Most Woodland tribes spoke languages of the Algonkian language family. There are at least thirty Algonkian-speaking tribes in the Woodlands, and those in the Great Lakes region include the Ojibwe, Ottawa, Potawatomi, Menominee, Cree, Sauk, Fox, Kickapoo, Miami, Peoria, Illinois, Shawnee, Piankashaw, and Prairie Potawatomi. Outside the Great Lakes area, the people of Northeast, including the Penobscot, Passamaquoddy, Micmac, Mohegan, Pequot, Lenni Lenape (Delaware), and others also spoke Algonkian languages. While most Algonkian speaking tribes were part of the Woodland cultural pattern, the Blackfeet of Montana and Alberta also speak an Algonkian language.
Besides Algonkian languages, the Woodlands also include languages of the Iroquoian and Siouan language families. In New York, Pennsylvania, Ohio, Quebec, and Ontario, the Seneca, Cayuga, Onondaga, Oneida, Mohawk, Susquehannock, Huron, Erie, Conestoga, Neutral, and other tribes spoke Iroquoian languages. The Santee Sioux and the Ho-chunk (Ho-chunk) speak languages of the Siouan family.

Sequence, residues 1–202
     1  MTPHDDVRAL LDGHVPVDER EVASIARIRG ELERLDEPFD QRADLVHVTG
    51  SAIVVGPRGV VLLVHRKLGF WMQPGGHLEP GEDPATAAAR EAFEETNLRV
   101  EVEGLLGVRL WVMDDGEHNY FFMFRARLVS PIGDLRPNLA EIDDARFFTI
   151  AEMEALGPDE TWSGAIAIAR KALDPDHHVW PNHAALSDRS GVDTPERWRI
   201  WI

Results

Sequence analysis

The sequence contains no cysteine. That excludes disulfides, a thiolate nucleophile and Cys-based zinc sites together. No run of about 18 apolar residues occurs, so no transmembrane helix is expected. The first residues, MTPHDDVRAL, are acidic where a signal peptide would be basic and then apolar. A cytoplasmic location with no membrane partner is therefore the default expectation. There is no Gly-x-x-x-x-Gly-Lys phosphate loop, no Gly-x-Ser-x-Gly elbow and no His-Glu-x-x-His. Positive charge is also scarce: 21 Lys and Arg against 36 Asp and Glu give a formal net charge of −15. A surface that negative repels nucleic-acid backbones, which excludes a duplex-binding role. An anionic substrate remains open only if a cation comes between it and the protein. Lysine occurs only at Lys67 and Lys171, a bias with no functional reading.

With the advent of Europeans, some Indian languages fell into disuse or were used only within Indian homes and tribal communities. During the nineteenth and twentieth centuries, missionaries and government boarding schools stressed the abandonment of Indian languages and dependence on English. Children who went to boarding schools were forced to use English. Without reinforcement, they forgot their tribal languages or could only understand them and not speak them. Today, language teaching programs are important to Indian communities because language is seen as both an important part of traditional heritage and knowledge.